To save money for consumers, Waxman is willing to allow certain drugs, called biologic drugs, to enter the market without clinical testing that proves their efficacy. He realizes that requiring clinical testing for efficacy will slow things down and needlessly keep important drugs out of the hands of suffering patients.
Sound nice, but you know Waxman has some other motive.
Bruce Yandle of Clemson University has a theory called Bootleggers and Baptists. You can read and hear him talk about it at Econtalk.
Simply put, it goes that government regulations usually are lobbied by two different groups with two different motivations.
The baptists are the moralists. They do what they do with the air of moral high ground. Yandle uses the metaphor of Baptists trying to ban liquor sales on Sunday. The Baptists faith in the Bible and the belief that alcohol is evil, feel that they are doing society a favour.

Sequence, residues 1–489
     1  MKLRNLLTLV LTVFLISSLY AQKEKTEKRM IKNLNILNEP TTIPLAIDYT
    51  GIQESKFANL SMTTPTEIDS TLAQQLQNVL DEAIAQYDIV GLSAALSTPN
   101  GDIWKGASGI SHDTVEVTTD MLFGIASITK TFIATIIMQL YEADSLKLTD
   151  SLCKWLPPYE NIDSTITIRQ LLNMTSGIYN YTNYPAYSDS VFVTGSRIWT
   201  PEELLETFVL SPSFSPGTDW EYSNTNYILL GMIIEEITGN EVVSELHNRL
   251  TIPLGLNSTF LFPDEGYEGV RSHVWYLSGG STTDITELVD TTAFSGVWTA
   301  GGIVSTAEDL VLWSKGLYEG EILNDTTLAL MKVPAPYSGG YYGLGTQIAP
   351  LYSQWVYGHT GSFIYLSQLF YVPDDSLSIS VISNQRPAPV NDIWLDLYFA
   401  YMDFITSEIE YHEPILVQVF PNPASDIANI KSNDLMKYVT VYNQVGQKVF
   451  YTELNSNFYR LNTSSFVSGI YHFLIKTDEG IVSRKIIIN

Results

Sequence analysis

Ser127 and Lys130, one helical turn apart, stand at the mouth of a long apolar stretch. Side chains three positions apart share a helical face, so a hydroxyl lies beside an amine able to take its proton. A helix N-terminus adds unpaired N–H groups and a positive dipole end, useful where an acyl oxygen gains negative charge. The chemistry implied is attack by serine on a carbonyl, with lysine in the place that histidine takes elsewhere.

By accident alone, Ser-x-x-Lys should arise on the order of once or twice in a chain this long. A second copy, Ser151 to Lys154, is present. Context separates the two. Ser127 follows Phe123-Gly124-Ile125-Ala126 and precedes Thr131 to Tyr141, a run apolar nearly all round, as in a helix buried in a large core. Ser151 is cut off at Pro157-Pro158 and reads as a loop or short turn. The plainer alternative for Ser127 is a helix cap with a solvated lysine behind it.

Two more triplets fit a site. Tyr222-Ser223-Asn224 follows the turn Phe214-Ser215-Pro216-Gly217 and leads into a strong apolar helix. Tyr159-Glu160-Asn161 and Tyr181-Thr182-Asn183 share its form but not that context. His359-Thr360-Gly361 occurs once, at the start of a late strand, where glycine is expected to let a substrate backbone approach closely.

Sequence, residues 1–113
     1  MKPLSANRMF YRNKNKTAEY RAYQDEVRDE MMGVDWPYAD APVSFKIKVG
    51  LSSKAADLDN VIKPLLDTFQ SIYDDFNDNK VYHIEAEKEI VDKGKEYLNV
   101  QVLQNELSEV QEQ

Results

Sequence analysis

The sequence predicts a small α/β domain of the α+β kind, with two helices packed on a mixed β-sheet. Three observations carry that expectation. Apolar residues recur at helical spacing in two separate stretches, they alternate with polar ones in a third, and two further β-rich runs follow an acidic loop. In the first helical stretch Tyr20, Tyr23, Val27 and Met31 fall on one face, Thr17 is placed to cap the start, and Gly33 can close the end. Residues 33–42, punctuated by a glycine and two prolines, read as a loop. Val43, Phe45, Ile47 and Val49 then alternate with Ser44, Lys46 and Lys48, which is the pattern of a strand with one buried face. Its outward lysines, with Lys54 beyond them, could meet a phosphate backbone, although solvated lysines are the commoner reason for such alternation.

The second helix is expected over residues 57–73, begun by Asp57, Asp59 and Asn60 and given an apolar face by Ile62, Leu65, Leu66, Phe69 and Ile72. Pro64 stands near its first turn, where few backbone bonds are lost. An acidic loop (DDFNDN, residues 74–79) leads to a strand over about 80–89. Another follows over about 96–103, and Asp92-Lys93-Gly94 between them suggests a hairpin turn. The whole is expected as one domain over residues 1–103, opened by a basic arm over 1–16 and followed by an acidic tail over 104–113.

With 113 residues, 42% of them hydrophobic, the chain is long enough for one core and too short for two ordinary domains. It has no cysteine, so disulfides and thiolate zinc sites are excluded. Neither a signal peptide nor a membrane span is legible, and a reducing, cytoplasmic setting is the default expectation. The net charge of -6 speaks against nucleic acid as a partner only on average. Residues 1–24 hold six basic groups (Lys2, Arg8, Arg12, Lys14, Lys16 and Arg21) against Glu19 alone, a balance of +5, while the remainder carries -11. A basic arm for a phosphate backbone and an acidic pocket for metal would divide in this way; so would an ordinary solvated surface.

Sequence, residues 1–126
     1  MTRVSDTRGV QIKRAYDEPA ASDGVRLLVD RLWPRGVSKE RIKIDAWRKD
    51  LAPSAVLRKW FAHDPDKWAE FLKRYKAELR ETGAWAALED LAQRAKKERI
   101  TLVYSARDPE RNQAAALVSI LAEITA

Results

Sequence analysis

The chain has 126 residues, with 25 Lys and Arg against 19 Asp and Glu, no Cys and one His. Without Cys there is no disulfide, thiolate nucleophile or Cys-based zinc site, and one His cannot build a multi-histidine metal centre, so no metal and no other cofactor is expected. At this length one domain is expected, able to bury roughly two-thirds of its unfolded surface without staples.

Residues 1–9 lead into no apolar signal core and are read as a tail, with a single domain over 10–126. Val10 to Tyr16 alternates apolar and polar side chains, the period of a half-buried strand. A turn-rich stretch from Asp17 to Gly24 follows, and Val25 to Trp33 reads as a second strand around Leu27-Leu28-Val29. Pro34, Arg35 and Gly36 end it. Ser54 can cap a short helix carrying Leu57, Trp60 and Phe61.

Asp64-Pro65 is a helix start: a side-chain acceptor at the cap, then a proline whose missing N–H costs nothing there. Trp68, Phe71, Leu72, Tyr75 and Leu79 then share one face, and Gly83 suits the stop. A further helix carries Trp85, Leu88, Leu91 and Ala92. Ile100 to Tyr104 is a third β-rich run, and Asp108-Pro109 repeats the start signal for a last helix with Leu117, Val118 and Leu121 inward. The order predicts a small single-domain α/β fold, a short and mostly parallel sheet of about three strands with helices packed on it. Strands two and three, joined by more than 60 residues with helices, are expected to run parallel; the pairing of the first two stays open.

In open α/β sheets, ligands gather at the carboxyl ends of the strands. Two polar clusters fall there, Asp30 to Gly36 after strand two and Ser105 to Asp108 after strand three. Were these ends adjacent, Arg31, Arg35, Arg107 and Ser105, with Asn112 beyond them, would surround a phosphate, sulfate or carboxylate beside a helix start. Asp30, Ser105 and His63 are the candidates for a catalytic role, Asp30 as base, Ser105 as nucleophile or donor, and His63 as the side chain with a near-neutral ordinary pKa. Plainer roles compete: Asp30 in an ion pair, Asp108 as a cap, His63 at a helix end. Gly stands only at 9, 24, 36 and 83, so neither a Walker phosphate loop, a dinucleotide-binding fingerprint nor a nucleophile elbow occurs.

The bootleggers are the exploiters. They do what they do because there is money to be made. The bootleggers lobby for the Sunday liquor ban because they can then sell liquor on Sundays via Black Market.
Politics make strange befellows.
Anyway back to Waxman. So my question is who are the bootleggers here?
It's obvious, at least to me, that the Baptists are they ones wanting lower cost drugs, which no FDA testing will surely do. Yet, we all know, no politician will do anything altruistic without a money man greasing his wheels.
So who is greasing Waxman's wheels?
I'm lazy right now, but does anyone know where you can get the info to see which Pharm companies have a new "biologic drug" coming out and just gave Waxman a campaign contribution?